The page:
Lettuces can generally be grown all year round, except in the really hot months. A few years back, I bit into a butter lettuce – my favourite of all lettuces – in the height of summer, and it was bitter as all buggery. It was simply trying to keep its very being alive, by going to seed of course. The structure and taste of all plants change once they go to seed, or are in the process of bolting or going to seed.

My rule of thumb for growing lettuces through summer and into early autumn is to pick a nice shaded area, which gets a little sun for a part of the day (ideally the first sun or late sun). If the lettuces are in full sun, they will more likely bolt and become bitter… but one way around this is to cover them with a shade cloth. In late autumn through to spring, grow your lettuces in a nice sunny spot. And yes they do grow in winter, in cooler to mild climates, but not in areas where hard frost and snow occur, unless you have them covered (in a green house, for instance).

As a rule, for the mustard leaves, soft leaves and herbs, I sow seeds directly into the ground. I keep them well watered until I see their heads pop up (roughly 4–10 days), then lightly water them every day or so, depending on the season – more in summer. Make sure you don’t directly water the leaves; in the past I have ‘burnt’ leaves by doing this, as they are fragile. I usually thin them (i.e. remove the excess seedlings, allowing the others to grow) at about 14 days, then most should be ready to harvest in another 14–40 days. Not bad, hey! Obviously the timing will depend on the particular climate you are in.

For the hearty and crunchy and bitter leaves, I like to prepare a seed tray, or an old polystyrene box filled with good seed-raising mix, which I keep watered until the seeds sprout. Then I generally transplant into the garden at 14–20 days, or until they look big enough to cope. Keep them tightly planted, I say – it gives them enough room to grow, but also keeps them from flopping over too far, and I like a smaller lettuce. When harvesting these, I like to take the outside leaves off, rather than cutting off the whole head – and as a general rule I quickly run out the back and collect the leaves just before serving the meal, give them a quick wash under cold water, spin, or dry lightly in a towel, then add my dressing and serve.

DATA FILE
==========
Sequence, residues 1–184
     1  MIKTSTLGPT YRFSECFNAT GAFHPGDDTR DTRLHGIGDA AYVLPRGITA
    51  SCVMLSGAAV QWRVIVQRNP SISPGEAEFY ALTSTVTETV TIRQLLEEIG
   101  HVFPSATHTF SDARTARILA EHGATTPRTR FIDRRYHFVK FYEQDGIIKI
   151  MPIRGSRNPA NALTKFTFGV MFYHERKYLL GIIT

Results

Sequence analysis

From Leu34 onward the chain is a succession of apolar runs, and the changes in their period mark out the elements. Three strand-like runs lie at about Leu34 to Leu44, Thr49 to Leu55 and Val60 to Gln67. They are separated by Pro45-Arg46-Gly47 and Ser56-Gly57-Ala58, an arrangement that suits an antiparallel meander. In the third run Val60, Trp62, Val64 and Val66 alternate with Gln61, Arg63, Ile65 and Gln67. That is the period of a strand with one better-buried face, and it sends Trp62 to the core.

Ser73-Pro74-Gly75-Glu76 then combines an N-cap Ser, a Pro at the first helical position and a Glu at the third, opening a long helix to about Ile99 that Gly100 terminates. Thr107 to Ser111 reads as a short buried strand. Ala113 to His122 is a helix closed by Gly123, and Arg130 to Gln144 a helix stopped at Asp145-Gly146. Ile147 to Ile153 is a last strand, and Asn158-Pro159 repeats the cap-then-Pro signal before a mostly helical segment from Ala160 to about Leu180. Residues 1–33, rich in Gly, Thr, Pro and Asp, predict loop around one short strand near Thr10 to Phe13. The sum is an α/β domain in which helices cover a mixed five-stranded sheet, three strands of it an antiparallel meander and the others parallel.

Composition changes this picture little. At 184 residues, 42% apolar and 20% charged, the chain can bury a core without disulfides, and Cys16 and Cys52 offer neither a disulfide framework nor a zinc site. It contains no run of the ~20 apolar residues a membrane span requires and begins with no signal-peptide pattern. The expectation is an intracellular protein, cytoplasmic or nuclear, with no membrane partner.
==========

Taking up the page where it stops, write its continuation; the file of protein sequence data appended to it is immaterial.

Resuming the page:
Salad friends and foes

There are a few good tips when growing salad leaves. I like to put them in with marigolds, as these are a great companion plant – as are radishes, carrots and onions. And my rocket goes gangbusters near strawberries.

Remember slugs and snails love salad leaves. Scattering a few used coffee grounds around will help stop them, or go out late at night with a torch and collect them in a container, then place them on your bird table or on the lawn for the birds to enjoy the next morning.

In my head, I group salad leaves into the following categories; this is simply my thought process into them, rather than conventional wisdom. I’ve also given some examples as to what kind of leaves are in each category. My perfect salad would be a mixture of one or two or all of them.

I also love herbs in a leaf salad, especially mint, sorrel and tarragon. They add such a delicate and interesting layer to the flavour.

Hearty and crunchy

–Cos (romaine) lettuce

–Little gem lettuce

–Speckled cos (romaine) lettuce

–Iceberg lettuce

–Cos berg lettuce

–Butter head lettuce (a favourite of mine)

–Mignonette lettuce (the bronze and green varieties)

Bitter leaves

–Witlof (Belgian endive/chicory)

–Radicchio (little Italian delis often sell a range of interesting radicchio seeds)


–Dandelions (which I always thought were best for rabbits!)

Mustard leaves

–Nasturtium leaves


–Upland cress


–Baby green and red mustard leaves

Soft leaves

–Lollo bianco and rosso lettuce

–Green and red oak lettuce

–Baby English spinach leaves

–Mâche (lamb’s lettuce/corn salad)



–Salad bowl lettuce (red and green varieties)

Salad herbs


–Mint (I love its freshness in a salad!)






–Broad bean tops

–Pea tendrils

–Micro shoots, such as radish, beetroot, alfalfa, fenugreek and kale